Senior Program Officer, Global Nuclear Policy Program
Since the Treaty on the Non-Proliferation of Nuclear Weapons (NPT) entered into force in 1970, it has galvanized Treaty-designated Nuclear Weapon States (NWS) and Non-Nuclear Weapon States (NNWS) to prevent further proliferation, promote cooperation on peaceful uses of nuclear technology, and work towards disarmament. Put simply, the NPT has been the cornerstone of international efforts to reduce the threat of nuclear weapons. However, the Treaty is increasingly facing serious challenges. For example, all NWS are in the process of modernizing or building up their nuclear arsenals, exacerbating divisions among NPT States parties about the appropriate pace of disarmament.
In light of these challenges, NTI launched the Global Enterprise to Strengthen Nonproliferation and Disarmament (GE) in 2018 with generous support from the government of Norway. The GE is a multi-year track 1.5 dialogue that has facilitated a sustained, integrated, and creative effort to consolidate support for the NPT and its goals. NTI has worked with regional partner organizations to build on the progress of the GE by holding workshops in Brazil, Ghana, and most recently, Jakarta. These regional workshops have added value to the GE process by building consensus on regional non-proliferation and disarmament concerns and priorities; highlighting potential opportunities for governments to help strengthen the NPT; and generating support for practical steps, new initiatives, and tangible commitments that demonstrate the ability of NPT States parties to work together.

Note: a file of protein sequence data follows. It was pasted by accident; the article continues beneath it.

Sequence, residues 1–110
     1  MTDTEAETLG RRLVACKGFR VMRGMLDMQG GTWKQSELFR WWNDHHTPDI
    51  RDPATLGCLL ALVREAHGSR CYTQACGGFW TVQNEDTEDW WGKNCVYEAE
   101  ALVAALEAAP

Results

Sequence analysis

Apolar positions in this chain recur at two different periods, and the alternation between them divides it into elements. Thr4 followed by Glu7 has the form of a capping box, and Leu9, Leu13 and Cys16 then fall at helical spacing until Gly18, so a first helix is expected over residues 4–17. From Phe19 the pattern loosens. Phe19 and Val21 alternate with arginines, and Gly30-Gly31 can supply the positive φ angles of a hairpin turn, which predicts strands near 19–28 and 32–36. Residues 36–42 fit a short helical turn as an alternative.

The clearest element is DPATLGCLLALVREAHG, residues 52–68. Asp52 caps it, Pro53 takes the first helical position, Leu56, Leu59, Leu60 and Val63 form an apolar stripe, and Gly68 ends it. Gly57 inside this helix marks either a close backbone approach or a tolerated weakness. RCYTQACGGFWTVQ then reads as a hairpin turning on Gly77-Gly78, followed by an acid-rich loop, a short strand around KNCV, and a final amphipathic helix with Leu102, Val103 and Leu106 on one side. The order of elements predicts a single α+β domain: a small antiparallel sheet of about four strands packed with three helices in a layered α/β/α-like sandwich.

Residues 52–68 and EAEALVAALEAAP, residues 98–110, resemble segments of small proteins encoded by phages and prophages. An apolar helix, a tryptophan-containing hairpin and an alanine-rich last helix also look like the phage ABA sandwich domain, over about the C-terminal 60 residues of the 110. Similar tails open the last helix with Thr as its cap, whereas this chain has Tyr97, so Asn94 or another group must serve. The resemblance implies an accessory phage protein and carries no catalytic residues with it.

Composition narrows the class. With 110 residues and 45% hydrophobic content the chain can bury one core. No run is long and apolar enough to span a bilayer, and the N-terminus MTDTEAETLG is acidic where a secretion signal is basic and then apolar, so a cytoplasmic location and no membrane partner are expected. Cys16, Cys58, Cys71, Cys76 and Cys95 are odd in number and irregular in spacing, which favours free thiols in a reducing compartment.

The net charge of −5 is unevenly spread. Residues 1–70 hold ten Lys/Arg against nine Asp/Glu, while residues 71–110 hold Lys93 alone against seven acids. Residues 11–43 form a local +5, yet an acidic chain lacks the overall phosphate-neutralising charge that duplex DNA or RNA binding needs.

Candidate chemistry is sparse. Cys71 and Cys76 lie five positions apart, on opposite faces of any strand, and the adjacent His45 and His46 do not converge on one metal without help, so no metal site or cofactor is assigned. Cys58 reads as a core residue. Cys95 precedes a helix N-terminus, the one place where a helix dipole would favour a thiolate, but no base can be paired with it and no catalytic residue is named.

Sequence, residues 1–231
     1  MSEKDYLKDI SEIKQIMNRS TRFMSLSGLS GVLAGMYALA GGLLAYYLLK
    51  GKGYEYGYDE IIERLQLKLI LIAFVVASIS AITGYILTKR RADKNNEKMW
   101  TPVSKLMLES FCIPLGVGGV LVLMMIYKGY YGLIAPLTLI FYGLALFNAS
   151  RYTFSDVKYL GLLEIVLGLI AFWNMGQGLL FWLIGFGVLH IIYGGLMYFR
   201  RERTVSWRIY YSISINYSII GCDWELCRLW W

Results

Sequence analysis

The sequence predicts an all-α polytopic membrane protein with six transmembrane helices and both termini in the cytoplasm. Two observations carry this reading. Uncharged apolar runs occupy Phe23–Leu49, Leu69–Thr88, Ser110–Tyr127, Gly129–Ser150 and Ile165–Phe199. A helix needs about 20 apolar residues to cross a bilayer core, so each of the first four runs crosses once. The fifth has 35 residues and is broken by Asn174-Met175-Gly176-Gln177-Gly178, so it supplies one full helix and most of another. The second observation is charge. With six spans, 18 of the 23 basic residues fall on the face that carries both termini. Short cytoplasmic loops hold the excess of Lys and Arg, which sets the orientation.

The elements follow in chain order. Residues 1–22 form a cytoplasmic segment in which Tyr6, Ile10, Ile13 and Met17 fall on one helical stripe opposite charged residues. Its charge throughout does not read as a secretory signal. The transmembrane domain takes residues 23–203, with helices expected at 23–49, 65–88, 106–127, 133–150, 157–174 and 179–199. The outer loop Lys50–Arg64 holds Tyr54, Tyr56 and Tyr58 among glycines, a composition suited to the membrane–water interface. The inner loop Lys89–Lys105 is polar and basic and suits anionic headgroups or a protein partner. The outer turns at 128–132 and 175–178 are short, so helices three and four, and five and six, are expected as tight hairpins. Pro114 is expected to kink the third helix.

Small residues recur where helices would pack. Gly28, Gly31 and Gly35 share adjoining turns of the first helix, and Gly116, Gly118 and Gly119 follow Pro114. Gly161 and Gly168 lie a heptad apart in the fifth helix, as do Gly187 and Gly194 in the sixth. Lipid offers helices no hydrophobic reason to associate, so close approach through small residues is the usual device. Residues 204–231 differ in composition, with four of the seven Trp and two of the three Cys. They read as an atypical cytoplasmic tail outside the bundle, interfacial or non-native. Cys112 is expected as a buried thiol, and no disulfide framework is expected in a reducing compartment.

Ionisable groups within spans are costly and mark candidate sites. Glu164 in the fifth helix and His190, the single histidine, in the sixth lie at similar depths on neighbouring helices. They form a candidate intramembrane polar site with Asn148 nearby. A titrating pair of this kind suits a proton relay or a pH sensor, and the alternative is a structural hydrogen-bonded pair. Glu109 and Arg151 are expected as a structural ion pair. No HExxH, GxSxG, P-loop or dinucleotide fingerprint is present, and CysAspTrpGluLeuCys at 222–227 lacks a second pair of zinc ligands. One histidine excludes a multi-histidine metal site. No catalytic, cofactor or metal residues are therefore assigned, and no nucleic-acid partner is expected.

I recently returned from the Jakarta workshop, which NTI hosted with the Asia Pacific Leadership Network (APLN). The workshop convened more than 30 participants from 15 countries across the Asia-Pacific region – including senior officials, next-generation professionals, and experts from governments, regional organizations, and think tanks – for a discussion on how the Asia-Pacific region can promote success at the 10th NPT Review Conference (RevCon), which will take place in August 2022 at the United Nations Headquarters in New York City.
Participants at the Jakarta workshop offered their perspectives on the mounting challenges to the NPT regime. As the summary report from the workshop notes, participants shared concerns that “nuclear arsenals are being expanded and modernized, and new disruptive technologies – including dual-capable weapons systems – are proliferating in an increasingly unregulated international environment” and that the divide between NWS and NNWS over the pace of disarmament mandated by the NPT is growing. Other concerns emerged, including:
Participants also focused on ways to improve the NPT regime by building pathways to reduce nuclear risks, bridging the divide between NWS and NNWS, and advancing a successful 10th NPT RevCon, including:
At the RevCon this month, NTI will host a livestreamed side event where the co-hosts from all three regional workshops will speak about the many lessons learned. We look forward to sharing these regional perspectives, and the wider recommendations from the GE project, to advance efforts to strengthen the NPT regime and build a safer world.
Following the workshop, NTI and APLN commissioned papers from four expert workshop participants to further reflect on the role of the Asia-Pacific region in the NPT process and ways to strengthen the NPT regime.
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